Q&A: Producer Jeff Kleeman on 'EL BULLI' Movie
Recipe of the day
- Marc Forgione on His Cookbook, Abolishing Tips, and His Favorite Vodka
- Noma Documentary Launches Indiegogo Campaign
- Pete Wells Awards No Stars to Javelina, Shows Off His Backhand
- April Bloomfield in Talks for Elaborate 4-Story Restaurant with a Rooftop in Downtown Manhattan
- The Daily Meal Talks Career, Cuisine, and Contributions with Stephan Pyles
Yesterday we heard news that the dramatic fictional film EL BULLI, based on Ferran Adrià's Catalonian avant-garde restaurant elBulli, finally got funding, so we called up producer Jeff Kleeman to chat about the script, the movie concept, and production. The movie, based on Lisa Abend's documentary book The Sorcerer's Apprentices about stagiaires at elBulli, will reportedly take viewers through the culinary journey of stagiaires at an ultra-challenging, high-concept restaurant.
Kleeman tells us that film production will hopefully begin in the fall of 2013, but the film is still looking for a director and cast. "If everything goes perfectly, we shoot the movie in the fall, and the release is in 2014, with the opening of the [elBulli] foundation," Kleeman says. And while casting decisions have yet to be determined, Kleeman says Adrià has been collaborating every step of the way: The stagiaires are all fictionalized characters, based off numerous interviews with past stagiaires, and every major player at elBulli (Adrià, Juli Soler, etc.) will all have actor portayals in the film. Whether or not there will be any chef cameos has yet to be determined. Read on for our Q&A with Kleeman.
The Daily Meal: So tell us a little about how this movie concept came about.
Jeff Kleeman: For years [prior to the book], Ferran and I had been having conversations about if there was a way to make a feature film dealing with elBulli that would do something different. We wanted to find a way to make the restaurant into a movie that explored creativity cinematically as something new. That hadn’t been done in previous food movies. One day I was talking to Ferran and he gave me the galley to Lisa's book and said, "Read this, because I think it has a unique pioint of view."
TDM: What about the book caught your eye?
JK: It’s not simply that [the stagiaires] worked behind the scenes of the restaurant, but they journeyed all around the globe to work there, and they’re all been thrown together... I interviewed the stagiaires, and even the ones who have left all said it was the most life-changing experiences of their lives, that informed what they did on a daily basis. A movie that had that point of view, both Ferran and I realized has never been formed. And in some ways because of the multicultural aspect, there probably is no other restaurant to do it.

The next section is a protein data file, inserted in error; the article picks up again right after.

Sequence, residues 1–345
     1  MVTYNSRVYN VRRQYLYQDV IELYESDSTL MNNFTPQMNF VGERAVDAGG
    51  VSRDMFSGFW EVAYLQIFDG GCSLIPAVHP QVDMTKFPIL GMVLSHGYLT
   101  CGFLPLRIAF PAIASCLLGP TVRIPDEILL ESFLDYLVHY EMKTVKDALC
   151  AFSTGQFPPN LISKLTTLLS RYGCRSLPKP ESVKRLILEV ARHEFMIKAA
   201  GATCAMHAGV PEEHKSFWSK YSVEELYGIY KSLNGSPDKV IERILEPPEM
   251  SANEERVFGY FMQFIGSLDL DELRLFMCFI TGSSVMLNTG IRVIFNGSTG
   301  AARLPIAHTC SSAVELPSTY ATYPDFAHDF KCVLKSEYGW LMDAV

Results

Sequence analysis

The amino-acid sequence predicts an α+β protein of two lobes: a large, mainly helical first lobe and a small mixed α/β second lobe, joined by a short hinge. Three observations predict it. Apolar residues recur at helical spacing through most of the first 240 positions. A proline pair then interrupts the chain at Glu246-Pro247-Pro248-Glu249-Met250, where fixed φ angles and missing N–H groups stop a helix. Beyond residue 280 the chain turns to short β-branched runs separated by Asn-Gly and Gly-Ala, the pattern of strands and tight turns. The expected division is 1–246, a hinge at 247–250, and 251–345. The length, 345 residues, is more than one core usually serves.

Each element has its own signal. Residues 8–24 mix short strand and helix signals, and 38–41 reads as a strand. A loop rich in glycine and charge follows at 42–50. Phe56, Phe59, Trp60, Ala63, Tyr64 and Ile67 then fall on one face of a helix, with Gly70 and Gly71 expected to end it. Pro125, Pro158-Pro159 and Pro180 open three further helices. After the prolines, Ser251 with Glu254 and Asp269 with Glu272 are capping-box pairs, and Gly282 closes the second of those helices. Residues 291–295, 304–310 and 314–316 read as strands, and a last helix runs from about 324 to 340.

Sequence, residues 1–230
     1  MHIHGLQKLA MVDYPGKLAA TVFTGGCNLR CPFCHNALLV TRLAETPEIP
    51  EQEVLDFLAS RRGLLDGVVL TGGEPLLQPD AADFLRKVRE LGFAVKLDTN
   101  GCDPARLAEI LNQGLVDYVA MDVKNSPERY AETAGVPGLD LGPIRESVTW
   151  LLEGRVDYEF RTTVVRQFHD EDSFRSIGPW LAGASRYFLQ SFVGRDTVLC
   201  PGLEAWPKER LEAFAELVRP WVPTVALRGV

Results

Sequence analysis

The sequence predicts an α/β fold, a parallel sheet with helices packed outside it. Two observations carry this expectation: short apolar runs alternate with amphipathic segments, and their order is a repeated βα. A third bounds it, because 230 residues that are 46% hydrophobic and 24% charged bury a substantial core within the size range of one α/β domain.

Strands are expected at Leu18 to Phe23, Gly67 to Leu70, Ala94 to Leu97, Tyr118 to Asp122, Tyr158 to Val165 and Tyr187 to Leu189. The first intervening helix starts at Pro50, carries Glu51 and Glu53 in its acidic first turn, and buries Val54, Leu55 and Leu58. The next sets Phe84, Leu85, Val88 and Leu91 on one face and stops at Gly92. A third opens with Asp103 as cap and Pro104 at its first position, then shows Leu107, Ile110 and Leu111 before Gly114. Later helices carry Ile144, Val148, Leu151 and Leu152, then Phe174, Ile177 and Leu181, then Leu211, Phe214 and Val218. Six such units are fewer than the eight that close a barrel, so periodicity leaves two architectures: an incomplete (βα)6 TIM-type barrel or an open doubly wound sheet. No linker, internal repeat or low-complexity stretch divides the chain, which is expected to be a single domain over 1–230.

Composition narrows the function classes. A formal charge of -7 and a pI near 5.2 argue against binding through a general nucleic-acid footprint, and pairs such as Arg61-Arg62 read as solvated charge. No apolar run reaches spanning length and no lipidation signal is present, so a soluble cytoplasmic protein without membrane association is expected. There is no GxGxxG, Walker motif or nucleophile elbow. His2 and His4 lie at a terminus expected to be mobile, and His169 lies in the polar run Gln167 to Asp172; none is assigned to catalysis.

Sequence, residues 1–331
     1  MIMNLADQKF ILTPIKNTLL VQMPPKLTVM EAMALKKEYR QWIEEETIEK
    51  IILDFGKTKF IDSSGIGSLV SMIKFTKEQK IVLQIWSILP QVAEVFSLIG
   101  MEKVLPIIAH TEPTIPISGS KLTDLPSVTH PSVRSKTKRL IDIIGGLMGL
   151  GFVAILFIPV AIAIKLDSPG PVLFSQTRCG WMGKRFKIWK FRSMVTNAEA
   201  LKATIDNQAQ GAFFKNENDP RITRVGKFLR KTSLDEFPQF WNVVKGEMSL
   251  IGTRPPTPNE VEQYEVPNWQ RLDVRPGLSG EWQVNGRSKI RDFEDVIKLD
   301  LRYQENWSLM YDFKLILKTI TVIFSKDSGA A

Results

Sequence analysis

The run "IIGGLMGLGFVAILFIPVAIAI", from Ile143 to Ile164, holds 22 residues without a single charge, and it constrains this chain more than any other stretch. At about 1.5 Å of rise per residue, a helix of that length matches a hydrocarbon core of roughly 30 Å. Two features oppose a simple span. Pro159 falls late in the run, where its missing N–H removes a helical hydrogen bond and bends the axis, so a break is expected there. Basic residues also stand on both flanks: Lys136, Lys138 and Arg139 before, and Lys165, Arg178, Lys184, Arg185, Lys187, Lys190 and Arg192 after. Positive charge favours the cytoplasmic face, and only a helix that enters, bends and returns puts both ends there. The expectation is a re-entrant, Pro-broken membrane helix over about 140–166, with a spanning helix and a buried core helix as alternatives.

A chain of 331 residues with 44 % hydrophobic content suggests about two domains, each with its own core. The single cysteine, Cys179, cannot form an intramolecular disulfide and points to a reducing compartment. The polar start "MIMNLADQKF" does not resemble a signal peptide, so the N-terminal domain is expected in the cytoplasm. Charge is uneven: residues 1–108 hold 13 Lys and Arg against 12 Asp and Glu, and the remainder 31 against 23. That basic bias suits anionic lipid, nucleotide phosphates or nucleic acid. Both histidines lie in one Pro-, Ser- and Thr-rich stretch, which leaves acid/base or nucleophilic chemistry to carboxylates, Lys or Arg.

TDM: How will the movie differ from the book?
JK: Thematically the biggest difference is that Lisa’s book takes place the year Ferran decided to make the announcement that elBulli would transform. We decided to up drama by setting it during elBulli’s final season, so what the audience gets to experience is what it means to serve the very last meal of elBulli. We get to watch Ferran’s character explore what it means to be somebody who is at the top of your game, unanimously considered the world’s greatest and most innovative chef, who has the world’s most sought-after restaurant, and decide to completely burn the bridge, to leap off the cliff.
TDM: So the characters are all working toward serving the last meal at elBulli? That's definitely more dramatic.
JK: It’s a huge amount of emotion at the end, when you get to the point when all of them realize that they’re serving the final meal, and Juli Soler turning off the light and walking out the door, not quite knowing where the path is going to lead them. In a way it puts Ferran in the same position as the stagiaires, in the hope that they will experience something that it will help them have a future without knowing what that future is.
TDM: But why do a fictionalized version of this story?
JK: I think the documentaries, I’ve seen almost all of them, are all terrific. They’re documentaries that are to a large degree made for people who are already interested in the subject. This is a movie meant to take the idea of what elBulli stands for and make it resonate in your life, regardless of whether you are interested in restaurants or food or cooking. I will consider the movie a success only if every single person who leaves the theater feels that they have a way to be an artist in their own life... The movie should inpsire everyone in the audience to figure out who they are and find out how to express that in their own life.
Be a Part of the Conversation
Join the Daily Meal's Community and Share your Thoughts